Psychological testing sheds light on malingering in workers comp disability evaluations

Stephen M. Pfeiffer | Qualified Medical Evaluator

Expert psychological testing can help determine the presence of malingering in a workers comp disability case.

By Stephen M. Pfeiffer, PhD

Malingering, as it applies to the context of criminal, civil, personal and workers comp disability evaluations, is the practice of intentionally producing false or exaggerated symptoms in order to reap the benefits of compensatory measures such as money, prescription drugs, relief from duty or avoidance of criminal prosecution. More often than not, the public becomes aware of malingering due to criminal cases, like that of Russell E. Weston Jr. – an individual diagnosed with paranoid schizophrenia who is currently undergoing mental health treatment in anticipation of an eventual murder trial, according to Bloomberg Businessweek. In both this context and others, however, malingering can be incredibly difficult to assess. Studies have shown that certain behaviors can help lead to a clinical determination of malingering in a variety of different contexts. However, even when suspicious activity or evidence is present, it can take psychological testing and evaluation by a qualified psychiatric professional in order to confirm malingering on the part of an injured individual.

According to a study published in the largest national peer reviewed psychiatric journal, Primary Psychiatry, there are a number of methods through which examiners can attempt to determine whether or not an individual is guilty of malingering. These include standardized mental status tests, personality tests assessing exaggerated cognitive impairment and psychological limitations, surveillance, medical records and a direct interview with the claimant in question. Over the course of reviewing these tests, testimonies and documents, evaluators may notice certain factors that argue for or against malingering. Probable motivations, causes or evidences for malingering, for example, may include:

  • Financial incentive
  • Solution to socioeconomic or financial difficulties
  • Antisocial behavior
  • Career dissatisfaction or conflict with co-workers
  • Retirement
  • History of lying, misleading or other related behavior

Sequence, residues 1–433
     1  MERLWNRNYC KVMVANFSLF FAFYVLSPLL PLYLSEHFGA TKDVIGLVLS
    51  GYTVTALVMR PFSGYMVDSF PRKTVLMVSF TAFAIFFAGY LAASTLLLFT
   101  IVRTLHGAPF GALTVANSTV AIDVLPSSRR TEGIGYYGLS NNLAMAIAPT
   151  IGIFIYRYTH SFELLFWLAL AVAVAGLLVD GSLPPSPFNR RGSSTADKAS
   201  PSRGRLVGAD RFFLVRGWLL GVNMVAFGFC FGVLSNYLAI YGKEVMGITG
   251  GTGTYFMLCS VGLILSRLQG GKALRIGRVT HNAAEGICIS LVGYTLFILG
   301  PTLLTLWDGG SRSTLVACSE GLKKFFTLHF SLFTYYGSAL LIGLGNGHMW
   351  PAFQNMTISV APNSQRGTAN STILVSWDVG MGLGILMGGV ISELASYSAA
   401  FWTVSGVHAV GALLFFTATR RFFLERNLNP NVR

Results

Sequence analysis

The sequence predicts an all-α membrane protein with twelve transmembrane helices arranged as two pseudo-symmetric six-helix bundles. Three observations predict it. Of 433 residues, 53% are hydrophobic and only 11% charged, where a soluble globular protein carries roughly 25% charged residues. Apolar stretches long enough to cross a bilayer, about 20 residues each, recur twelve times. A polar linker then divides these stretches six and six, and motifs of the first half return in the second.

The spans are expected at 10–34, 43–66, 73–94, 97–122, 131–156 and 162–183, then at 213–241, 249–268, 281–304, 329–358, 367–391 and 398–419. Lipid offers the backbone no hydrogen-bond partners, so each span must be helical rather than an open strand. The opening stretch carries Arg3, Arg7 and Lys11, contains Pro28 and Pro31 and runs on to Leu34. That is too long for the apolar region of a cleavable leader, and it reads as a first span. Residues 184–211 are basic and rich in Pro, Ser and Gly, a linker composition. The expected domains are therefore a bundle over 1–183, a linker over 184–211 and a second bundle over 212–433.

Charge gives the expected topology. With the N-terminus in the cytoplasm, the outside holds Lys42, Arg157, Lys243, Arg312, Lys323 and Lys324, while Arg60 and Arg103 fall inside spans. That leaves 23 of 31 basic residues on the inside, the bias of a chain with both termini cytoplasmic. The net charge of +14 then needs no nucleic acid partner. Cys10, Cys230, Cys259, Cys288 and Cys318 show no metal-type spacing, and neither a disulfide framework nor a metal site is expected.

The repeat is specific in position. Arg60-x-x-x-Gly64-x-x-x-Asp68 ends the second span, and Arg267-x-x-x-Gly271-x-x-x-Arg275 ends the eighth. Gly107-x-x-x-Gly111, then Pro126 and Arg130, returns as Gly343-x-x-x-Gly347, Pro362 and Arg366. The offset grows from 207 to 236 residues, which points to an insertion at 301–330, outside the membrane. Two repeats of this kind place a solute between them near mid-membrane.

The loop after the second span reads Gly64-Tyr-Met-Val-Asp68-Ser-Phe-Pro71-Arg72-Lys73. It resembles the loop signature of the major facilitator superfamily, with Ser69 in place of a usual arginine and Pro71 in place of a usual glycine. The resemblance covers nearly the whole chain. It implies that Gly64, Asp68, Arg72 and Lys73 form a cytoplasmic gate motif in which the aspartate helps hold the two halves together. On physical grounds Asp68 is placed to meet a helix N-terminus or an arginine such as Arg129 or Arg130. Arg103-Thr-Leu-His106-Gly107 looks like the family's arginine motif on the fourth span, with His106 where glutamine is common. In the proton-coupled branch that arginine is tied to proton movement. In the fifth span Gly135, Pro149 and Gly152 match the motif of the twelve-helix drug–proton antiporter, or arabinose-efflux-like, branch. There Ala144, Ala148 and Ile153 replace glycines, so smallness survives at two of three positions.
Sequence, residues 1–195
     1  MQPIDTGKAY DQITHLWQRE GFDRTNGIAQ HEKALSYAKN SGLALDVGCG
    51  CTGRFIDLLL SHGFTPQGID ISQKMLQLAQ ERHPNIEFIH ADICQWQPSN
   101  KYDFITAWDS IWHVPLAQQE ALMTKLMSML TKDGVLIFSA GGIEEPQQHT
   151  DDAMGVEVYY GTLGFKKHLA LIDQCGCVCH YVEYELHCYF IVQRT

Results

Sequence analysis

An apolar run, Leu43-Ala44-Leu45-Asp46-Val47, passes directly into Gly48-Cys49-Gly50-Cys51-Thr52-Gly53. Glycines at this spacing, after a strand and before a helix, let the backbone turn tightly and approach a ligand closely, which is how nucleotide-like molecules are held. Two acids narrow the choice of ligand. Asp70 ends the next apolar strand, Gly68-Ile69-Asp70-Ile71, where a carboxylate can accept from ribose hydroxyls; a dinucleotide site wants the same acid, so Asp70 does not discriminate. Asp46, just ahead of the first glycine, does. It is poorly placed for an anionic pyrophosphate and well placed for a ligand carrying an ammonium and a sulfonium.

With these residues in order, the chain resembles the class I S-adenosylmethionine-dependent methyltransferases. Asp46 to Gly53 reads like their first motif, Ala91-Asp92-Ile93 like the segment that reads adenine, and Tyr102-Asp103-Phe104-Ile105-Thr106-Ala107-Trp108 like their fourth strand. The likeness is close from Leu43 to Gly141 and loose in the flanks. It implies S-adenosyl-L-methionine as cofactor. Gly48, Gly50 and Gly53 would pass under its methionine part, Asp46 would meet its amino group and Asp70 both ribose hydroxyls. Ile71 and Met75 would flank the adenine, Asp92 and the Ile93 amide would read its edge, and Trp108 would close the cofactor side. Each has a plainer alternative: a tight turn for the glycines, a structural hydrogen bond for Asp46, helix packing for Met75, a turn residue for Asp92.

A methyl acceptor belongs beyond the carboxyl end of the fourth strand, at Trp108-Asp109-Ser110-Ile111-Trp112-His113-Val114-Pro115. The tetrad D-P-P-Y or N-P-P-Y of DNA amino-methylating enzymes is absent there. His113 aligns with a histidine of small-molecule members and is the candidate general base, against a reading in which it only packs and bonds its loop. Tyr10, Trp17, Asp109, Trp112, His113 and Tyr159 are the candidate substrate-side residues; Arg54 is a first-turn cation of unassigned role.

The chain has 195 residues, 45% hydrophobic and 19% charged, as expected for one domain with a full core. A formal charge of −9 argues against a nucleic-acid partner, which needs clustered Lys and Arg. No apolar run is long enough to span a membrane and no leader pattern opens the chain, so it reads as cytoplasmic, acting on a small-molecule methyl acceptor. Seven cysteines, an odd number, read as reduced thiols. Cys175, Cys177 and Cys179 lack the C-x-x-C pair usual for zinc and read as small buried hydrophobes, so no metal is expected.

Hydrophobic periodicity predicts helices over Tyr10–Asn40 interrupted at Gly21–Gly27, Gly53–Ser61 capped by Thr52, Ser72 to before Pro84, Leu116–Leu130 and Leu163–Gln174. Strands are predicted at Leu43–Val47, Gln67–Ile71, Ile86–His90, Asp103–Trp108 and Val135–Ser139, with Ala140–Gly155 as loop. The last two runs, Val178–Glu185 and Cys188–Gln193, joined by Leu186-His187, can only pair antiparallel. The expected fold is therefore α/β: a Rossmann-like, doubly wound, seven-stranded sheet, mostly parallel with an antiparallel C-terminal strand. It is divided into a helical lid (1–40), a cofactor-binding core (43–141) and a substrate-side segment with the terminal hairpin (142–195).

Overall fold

• Dramatic, exaggerated or incongruent symptoms
  • Working or engaging in active recreation during the claim period
  • Noncompliance with treatment

On the other hand, when an individual undergoes aggressive or risky treatment, exhibits obvious losses or engages in self-defeating behavior symptomatic of a genuine psychiatric trauma or disorder, there is a strong chance that the disability claim is legitimate. Experts agree, however, that the key to successful evaluation of such claims is the comprehensive analysis of data from a variety of sources and by multiple examiners; and when it comes to workers compensation cases, it is important to involve a Qualified Medical Evaluator in the process in order to ensure accurate administration of all psychological tests and instruments.

To learn more about certified medical evaluations for workers comp disability claims, visit www.pfeifferphd.com today, or email Stephen@pfeifferphd.com.

Related posts:

  1. Workplace bullying surpasses sexual harassment when it comes to employee trauma
  2. Legitimacy of workers comp stress claims highlights need for quick action, expert evaluation
  3. Research pinpoints common link between workplace injuries and depression in workers comp cases
  4. Escalating hospital violence threatens safety, heightens stress levels for medical employees
  5. Workplace trauma boosts PTSD risk for military and civilian employees alike

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Posted by Social Media Staff on Jan 16, 2012. Filed under Columns, Sponsored Columns, Stephen M. Pfeiffer, Ph.D.. You can follow any responses to this entry through the RSS 2.0. You can leave a response or trackback to this entry

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